Julia’s reaction is understandable. Who wants to feel as though her life choices are being judged by others? Her problem, however, is that in all likelihood she does want to get married and have children. One very significant reason she feels so vulnerable is that she’s not confident she can. A 2013 Gallup poll reports that only 9 percent of single 18- to 34-year-olds don’t want to get married; only 3 percent of single 35-to 54-year olds don’t want to. The fact that a higher percentage of women in those age groups are not married suggests that there’s a great deal of disappointment and unhappiness out there, even for people like Julia. By many measures she seems to have won in the game of life, but when it comes to the goal of marriage and children, she’s at risk of losing.
Thus her dilemma, which is sadly invisible to her. In order to achieve the crucial life goal of marriage and have an existential social safety net, Julia needs social conservatism; she needs a pro-marriage culture. But that’s possible only if we’re able to endorse male–female marriage as the norm, something she finds alienating because it judges her life and makes her feel still more vulnerable.
Julia responds in the way liberal culture has trained her to think. Her feelings of vulnerability aren’t caused by the desires women normally feel, desires stymied by circumstances. Instead, they’re caused by the residual social expectation that women marry and have children, the ideology that being a wife and mother is more fundamental to women’s identity than being a successful management consultant or lawyer. She’s suffering from incomplete liberation from an unjust social system that privileges marriage and children. So, the answer is more progressivism. This too reinforces her commitment to the Democratic party.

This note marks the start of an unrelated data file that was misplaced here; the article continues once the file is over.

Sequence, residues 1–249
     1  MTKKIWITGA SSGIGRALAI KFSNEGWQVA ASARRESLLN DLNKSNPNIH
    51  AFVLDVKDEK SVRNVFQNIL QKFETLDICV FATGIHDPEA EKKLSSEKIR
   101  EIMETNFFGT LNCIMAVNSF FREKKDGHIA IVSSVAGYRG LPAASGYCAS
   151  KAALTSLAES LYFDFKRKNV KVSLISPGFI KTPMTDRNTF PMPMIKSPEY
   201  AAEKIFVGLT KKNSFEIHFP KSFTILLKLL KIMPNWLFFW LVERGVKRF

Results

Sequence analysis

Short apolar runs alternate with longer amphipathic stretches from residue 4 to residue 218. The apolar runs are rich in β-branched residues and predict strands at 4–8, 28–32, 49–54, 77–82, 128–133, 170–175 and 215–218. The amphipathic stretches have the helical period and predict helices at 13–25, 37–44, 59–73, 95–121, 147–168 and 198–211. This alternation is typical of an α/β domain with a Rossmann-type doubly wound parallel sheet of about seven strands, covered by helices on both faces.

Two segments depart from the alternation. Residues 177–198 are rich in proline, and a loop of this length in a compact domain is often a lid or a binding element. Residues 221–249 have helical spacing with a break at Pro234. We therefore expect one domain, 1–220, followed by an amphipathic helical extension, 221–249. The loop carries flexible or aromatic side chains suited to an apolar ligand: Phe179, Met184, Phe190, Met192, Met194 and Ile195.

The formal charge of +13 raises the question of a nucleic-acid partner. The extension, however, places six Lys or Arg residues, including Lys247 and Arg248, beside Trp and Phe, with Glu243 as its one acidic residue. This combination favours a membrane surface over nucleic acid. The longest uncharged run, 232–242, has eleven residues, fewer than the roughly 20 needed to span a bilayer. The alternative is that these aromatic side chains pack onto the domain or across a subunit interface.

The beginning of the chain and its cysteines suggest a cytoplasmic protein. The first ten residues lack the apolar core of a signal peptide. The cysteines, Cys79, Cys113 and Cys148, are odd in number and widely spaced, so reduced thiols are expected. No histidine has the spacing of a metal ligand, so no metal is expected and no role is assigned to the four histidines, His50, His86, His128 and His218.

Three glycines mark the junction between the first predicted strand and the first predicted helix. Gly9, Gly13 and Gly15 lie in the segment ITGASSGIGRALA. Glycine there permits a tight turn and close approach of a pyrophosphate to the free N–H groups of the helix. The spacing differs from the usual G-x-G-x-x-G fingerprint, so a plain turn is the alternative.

Julia is stuck in a tough spot. Our society today is sharply critical of smoking, obesity, and in some circles religious belief. We insist on recycling and other behaviors deemed socially responsible. But in general our progressive culture seeks weak norms. This empowers. It creates space for individuals to experiment and go against the grain. Being a female professional is much easier today than it was decades ago, which is why Julia can be Julia. But it also disorients. In a world with weak norms, people find it harder to achieve a settled, secure identity in society. That’s also why Julia is Julia, a woman with the career she wants but at risk of not having the life she wants. Government programs won’t help, and a critique of patriarchal culture isn’t going to find her a mate. What she needs is a strong marriage culture. But that’s exactly what her political loyalties work against.